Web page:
Your bird's nesting box will hopefully become a nursery, so you should pay particular attention to selecting one that's right for your particular bird. Choosing well will help your bird more readily accept the nesting box and will hopefully lead to more successful breeding and raising of young. Selecting the correct nesting box for your bird will depend primarily on what kind of bird she is since boxes differ in design from species to species.

Kinds of Nesting Boxes

Birds such as parrots, cockatiels, budgies and lovebirds, which naturally nest in hollows or holes in trees, prefer wooden boxes or logs with round or rectangular entrance holes. If you are providing a nesting box for a parrot, it's important to choose one of durable construction because can easily damage or destroy a flimsy box, resulting in the loss of chicks and eggs. Offering your bird wood chunks or branches on which to chew can discourage this destructive behavior.

Canaries typically nest in bowl-shaped plastic, metal or earthenware "pans" lined with nesting felt.

Finches, depending on species, will nest in a variety of wicker and woven-fiber nesting baskets or small open-fronted wooden boxes.

Nesting Box Sizes

Generally, the bigger the bird, the larger the nesting box must be. Nesting boxes for Amazon parrots, for example, should measure at least 14 x 14 inches with a minimum height of 24 inches. The diameter of the entrance should be 4 to 6 inches. Boxes for cockatiels, which are smaller, should measure about 10 to 14 x 12 inches with a height of 12 inches and an entrance diameter of 2 1/2 to 3 inches.

Additional Nest Box Features

Viewing - There should preferably be a sliding side panel, removable lid or other method of viewing the eggs and young inside the nest. Don't view too often, however, or you may upset your birds.

Nesting Dish - The concave area in the floor of a nesting box, which is hollowed out to hold the eggs and sometimes called the "nesting dish," should not be directly beneath the box entrance.

Nesting Baskets - Some woven-fiber nesting boxes for finches, although attractive, can easily be torn to shreds by the birds, resulting in the loss of eggs and chicks. Choose a sturdy basket.

Nesting Boxes for Large Hookbills - Nesting boxes or logs for parrots and macaws must be sturdy. Sometimes barrels are used as nesting boxes for macaws. It is often necessary to put a ladder, preferably wooden for safety, down into a high nesting box to enable the bird to exit the box. This ladder must be secured firmly to the inside and bottom of the box so it does not fall onto the eggs or young. Some nesting boxes have a "boot-toe" extension (usually 12 x 12 x 12 inches) where the eggs are laid, preventing them from being damaged when an adult bird enters the box.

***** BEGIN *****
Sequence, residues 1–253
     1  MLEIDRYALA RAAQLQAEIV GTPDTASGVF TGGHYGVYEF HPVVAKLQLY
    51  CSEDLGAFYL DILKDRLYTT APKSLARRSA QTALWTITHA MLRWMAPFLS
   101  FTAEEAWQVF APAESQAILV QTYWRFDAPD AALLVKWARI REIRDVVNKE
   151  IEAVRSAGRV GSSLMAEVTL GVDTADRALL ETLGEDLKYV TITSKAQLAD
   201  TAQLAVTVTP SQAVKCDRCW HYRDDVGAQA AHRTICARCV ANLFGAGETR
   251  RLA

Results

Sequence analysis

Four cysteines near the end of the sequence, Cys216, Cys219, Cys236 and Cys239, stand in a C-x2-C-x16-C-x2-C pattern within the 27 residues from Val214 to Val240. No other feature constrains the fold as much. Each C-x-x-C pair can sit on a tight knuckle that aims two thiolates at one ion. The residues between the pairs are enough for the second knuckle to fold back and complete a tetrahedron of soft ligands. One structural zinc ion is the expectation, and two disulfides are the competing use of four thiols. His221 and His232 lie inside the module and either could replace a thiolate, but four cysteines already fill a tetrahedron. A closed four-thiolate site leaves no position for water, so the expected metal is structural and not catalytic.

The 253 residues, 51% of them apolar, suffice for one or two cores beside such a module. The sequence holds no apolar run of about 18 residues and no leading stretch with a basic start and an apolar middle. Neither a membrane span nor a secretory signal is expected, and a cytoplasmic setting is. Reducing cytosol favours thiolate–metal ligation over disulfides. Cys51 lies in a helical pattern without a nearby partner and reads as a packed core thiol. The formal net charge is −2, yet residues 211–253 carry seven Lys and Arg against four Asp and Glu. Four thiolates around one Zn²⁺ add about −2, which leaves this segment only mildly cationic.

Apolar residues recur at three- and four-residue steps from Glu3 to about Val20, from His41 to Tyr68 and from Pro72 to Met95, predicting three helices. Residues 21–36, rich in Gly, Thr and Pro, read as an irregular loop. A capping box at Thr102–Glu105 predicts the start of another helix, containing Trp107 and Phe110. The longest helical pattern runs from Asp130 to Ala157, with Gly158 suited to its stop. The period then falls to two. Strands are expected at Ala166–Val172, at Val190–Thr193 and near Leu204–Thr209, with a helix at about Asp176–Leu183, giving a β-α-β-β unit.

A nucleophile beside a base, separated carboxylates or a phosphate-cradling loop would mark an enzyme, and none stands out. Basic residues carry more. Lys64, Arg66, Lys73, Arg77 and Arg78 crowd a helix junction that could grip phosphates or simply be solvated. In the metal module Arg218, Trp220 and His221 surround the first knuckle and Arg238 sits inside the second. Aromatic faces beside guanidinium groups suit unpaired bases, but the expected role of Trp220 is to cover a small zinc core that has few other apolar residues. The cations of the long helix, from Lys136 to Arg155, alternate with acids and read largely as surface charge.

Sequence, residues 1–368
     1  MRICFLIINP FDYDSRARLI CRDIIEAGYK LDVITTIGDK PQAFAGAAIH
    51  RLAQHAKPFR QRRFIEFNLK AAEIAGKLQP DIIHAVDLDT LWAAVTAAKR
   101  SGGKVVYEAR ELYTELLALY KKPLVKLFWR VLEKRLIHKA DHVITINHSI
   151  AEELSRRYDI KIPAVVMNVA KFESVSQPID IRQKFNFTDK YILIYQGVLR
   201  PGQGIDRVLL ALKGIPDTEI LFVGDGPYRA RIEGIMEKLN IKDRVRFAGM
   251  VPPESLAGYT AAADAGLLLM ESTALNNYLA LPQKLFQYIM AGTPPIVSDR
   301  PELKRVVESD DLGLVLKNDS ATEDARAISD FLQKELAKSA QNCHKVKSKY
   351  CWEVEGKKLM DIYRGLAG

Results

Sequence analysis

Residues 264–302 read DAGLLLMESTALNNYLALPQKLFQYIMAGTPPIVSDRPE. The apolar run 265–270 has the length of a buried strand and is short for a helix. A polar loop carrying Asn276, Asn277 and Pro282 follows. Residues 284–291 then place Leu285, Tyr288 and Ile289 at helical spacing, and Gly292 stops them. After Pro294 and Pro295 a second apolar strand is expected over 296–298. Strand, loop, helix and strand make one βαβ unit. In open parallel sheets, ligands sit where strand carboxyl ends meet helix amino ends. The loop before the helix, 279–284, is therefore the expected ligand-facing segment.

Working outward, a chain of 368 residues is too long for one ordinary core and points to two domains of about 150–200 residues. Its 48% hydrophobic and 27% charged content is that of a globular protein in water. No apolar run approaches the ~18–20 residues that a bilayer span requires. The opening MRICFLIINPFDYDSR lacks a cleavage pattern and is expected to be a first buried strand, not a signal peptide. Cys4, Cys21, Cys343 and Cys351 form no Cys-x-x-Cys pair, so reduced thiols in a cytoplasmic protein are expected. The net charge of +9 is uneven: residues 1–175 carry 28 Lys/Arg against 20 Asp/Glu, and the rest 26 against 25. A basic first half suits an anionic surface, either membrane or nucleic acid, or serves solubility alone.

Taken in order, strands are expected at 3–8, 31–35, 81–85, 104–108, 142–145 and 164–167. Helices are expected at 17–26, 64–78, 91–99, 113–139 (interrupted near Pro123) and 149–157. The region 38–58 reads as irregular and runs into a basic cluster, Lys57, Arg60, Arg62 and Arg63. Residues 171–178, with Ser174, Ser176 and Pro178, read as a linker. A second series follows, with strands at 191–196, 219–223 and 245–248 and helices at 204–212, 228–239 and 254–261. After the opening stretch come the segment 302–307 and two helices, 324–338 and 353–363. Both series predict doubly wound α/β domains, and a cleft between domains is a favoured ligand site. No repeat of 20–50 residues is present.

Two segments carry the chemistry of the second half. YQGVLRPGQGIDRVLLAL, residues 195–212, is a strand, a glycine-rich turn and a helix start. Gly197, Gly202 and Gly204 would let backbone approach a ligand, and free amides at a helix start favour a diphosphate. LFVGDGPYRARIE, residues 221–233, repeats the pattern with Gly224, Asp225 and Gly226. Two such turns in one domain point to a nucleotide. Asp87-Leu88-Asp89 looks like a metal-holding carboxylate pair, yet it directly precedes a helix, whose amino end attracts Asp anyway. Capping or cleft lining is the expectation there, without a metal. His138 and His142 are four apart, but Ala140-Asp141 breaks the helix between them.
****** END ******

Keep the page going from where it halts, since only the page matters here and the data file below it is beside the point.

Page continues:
Perch - There must be a perch or landing platform mounted directly below the entrance of a wooden nesting box or log.

Nesting Materials

Like nesting boxes, nesting materials will vary from species to species. For example, Parrots may use peat or no nesting materials at all. Cockatiels generally use wood shavings. Lovebirds can use wood shavings or willow twigs. Budgerigars generally use nothing, or sometimes wood shavings. Finches may use dried grass, moss or burlap. Cedar shavings should not be used, as they can be harmful to birds. Some breeders have reported better success using ground wood rather than shavings.

Commercial nesting materials are the best choice as they are warranted to be safe and hygienic. Using natural materials such as hay may foster the growth of fungus. Use of hair or thread may entangle a bird's feet. Check with pet or pet supply personnel about which type of nesting material is appropriate for your bird.

Nesting Box Selection Chart

Species Nest Type Size Nesting Material Other Information
Budgie Wooden nest box 6 x 6 x 8 inches Coarse sawdust or hard wood shavings Should have hollow depression on floor
Finch Grass or wicker nest box Small Fine grass, commercial nesting material or nesting hair Attach to inside wall of cage
Canary Shallow bowl Small Fine grass Place on bottom of cage
Parrot Wooden nest box or hollow log Varies with size of bird from medium to extra large Hard wood shavings, peat moss Secure to inside wall of cage
Lovebird Wooden nest box Small Hard wood shavings, willow twigs, small pieces of bark, grass or leaves  
Mynah Bird Wooden cockatiel nest box Large enough for both birds to enter Twigs, straw or leaves  
Cockatiel Wooden nest box Large enough for both birds to enter Hard wood shavings Should have a low partition in the middle of the box